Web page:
There's been much discussion about what Mark Zuckerberg and Facebook employees thought of The Social Network. The picture it paints of their CEO isn't pretty, and while its writer Aaron Sorkin admits its "total fiction", the filmakers know only too well how powerful storytelling penetrates the mind of pop culture. That's why Mark Zuckberg should be so happy. Let me explain.
It's been a tough year for Facebook with PR flame wars over everything from privacy to his donation of $100 million to support Newark schooling. It was almost as if, after two years of pushback from Facebook users, privacy concerns, senate hearings, sweaty interviews, and misinterpreted statements in the press, that the tide was turning against the world's most powerful social network. That's why this movie couldn't have come at a better time.
The Social Network does something Facebook could never do. It drains the venom of ill will out of popular culture. By allowing filmmakers to take the brand out for a public thrashing, frustrated Facebook users and critics alike get to see their anger and distrust played out on a public stage. While Facebook—the brand—is getting royally bruised, the company is quietly recovering.
WIRED magazine goes further stating that Zuckerberg should be thrilled that Facebook was the first Silicon Valley company to have a compelling movie made about it. Not Apple, not Google, not Microsoft, but Facebook. Silicon Valley has been transforming the world for decades yet the brand remained relatively unknown and un-marketed until this movie. As such, The Social Network will not only raise the celebrity status of Facebook even higher, it will drag Silicon Valley with it.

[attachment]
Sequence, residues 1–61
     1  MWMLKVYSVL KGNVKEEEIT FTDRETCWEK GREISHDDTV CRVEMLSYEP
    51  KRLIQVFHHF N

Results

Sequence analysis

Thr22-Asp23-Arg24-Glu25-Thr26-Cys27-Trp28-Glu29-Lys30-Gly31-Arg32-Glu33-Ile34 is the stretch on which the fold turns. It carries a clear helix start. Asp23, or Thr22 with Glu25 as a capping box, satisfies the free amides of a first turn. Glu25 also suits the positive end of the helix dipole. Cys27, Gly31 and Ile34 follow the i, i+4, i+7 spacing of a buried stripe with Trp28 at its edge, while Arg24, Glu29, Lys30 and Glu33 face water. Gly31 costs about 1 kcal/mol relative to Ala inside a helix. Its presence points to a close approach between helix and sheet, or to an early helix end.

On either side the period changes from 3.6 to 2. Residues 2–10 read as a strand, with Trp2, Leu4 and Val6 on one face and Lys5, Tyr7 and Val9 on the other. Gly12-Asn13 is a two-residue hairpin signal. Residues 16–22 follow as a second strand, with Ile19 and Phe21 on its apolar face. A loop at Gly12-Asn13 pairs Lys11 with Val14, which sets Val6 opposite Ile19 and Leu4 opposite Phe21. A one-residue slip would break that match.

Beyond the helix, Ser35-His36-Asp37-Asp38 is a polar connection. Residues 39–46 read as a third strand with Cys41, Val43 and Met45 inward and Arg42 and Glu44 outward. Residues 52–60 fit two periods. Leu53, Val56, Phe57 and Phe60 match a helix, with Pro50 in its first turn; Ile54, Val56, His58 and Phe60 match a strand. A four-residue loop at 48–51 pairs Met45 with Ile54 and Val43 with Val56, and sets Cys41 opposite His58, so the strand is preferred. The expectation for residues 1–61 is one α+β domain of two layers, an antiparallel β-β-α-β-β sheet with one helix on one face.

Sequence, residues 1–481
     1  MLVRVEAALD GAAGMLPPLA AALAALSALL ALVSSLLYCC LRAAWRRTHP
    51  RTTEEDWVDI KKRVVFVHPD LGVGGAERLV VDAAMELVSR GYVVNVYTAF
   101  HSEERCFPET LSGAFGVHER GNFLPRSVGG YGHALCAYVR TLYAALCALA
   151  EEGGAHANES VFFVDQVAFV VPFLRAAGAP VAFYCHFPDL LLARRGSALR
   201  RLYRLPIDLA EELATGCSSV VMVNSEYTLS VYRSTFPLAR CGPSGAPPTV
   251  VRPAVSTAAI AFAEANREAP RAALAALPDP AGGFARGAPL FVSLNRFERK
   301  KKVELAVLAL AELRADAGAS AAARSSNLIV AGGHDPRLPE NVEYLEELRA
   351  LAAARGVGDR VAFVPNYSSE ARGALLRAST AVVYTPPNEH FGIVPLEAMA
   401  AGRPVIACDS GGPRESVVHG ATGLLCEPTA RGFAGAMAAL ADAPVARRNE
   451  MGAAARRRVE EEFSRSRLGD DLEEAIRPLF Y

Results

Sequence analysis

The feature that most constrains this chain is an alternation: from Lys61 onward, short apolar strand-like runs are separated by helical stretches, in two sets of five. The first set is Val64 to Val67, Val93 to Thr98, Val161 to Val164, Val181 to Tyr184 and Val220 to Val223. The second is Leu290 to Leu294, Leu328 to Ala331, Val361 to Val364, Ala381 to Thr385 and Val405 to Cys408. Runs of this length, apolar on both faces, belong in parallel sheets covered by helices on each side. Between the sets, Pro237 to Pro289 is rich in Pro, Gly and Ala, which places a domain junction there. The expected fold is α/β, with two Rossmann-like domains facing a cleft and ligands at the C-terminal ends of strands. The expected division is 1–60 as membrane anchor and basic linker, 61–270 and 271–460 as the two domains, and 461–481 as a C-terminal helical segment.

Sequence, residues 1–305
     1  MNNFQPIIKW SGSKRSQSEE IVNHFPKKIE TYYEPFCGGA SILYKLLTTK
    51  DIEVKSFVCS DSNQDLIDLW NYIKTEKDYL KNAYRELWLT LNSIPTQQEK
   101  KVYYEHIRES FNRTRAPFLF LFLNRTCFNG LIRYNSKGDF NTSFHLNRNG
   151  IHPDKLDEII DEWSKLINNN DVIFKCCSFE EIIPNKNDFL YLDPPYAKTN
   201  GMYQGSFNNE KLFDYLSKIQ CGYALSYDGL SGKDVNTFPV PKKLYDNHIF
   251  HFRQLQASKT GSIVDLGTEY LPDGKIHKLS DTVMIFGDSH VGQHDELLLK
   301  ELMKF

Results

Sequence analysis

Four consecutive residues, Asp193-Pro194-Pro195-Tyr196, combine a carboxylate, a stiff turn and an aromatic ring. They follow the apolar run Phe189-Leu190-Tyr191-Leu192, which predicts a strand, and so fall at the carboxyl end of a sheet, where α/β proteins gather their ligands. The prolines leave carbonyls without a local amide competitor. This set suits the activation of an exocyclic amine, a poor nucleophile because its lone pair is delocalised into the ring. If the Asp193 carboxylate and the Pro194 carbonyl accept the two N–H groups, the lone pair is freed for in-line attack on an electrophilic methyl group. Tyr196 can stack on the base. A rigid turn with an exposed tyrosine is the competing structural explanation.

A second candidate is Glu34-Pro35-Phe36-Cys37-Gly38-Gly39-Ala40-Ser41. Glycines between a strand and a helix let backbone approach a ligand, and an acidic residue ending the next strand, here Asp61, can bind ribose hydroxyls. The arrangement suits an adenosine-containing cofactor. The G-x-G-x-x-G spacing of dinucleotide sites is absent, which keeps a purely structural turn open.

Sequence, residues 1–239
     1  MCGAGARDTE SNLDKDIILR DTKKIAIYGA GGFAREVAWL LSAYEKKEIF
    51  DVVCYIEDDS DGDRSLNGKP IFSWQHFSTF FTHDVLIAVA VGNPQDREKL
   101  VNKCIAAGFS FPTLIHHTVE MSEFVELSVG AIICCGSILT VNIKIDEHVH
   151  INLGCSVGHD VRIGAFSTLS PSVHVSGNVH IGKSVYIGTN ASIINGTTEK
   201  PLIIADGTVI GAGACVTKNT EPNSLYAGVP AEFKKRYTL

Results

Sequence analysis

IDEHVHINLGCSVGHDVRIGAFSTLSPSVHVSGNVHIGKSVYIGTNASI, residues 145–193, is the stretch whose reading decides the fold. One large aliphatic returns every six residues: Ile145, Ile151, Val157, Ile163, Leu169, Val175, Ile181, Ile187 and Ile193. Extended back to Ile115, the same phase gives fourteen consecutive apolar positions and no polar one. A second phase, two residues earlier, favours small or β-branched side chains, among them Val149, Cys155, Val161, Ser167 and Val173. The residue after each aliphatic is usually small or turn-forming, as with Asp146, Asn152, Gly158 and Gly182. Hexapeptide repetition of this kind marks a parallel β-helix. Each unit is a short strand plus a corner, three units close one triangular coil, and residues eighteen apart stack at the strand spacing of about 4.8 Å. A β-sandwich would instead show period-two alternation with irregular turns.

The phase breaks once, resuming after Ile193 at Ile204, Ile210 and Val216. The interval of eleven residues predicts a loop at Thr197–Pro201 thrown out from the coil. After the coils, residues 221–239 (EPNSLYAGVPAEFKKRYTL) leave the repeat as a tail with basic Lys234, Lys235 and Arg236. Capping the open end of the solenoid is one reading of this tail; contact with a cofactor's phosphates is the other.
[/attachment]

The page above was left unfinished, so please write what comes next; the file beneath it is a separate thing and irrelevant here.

The same dynamic was at work over the widely discussed and parodied Tiger Woods commercial in which he stares at camera while we listen to the voice over of his father. Issues of taste aside, I believe the commercial did a critical job for the Tiger Woods brand. At the height of media coverage of his extra-marital affairs, there was enormous ill will, disbelief, and disappointment among his fans and the public that had nowhere to go. The story could have dragged on for months. Instead, the commercial became a pinata for the brand allowing much of the pent up emotion to be misdirected at the ad. By doing so, it allowed the story to fall out of the news cycle sooner as interest waned. There's no telling whether this was a conscious strategy but judging by the delight of the press and public to attack the ad, it certainly had this effect.
There's nothing like a good argument to make everyone feel better. The disgruntled parties feel heard, emotions are vented and everyone gets a little closer to moving on. In that sense, The Social Network could not have come at a better time, and the Tiger Woods took some hits instead Tiger. In such circumstances, brand-bashing is much kinder than anything a brand would have to do for itself to get back on track.
Do you agree The Social Network helps Facebook? What about the Tiger Woods ad? Or do neither have any real effect?
Reprinted from SimonMainwaring.com
Simon Mainwaring is a branding consultant, advertising creative director, blogger, and speaker. A former Nike creative at Wieden & Kennedy, Portland, and worldwide creative director for Motorola at Ogilvy, he now consults for brands and creative companies that are re-inventing their industries and enabling positive change. Follow him at SimonMainwaring.com or on Twitter @SimonMainwaring.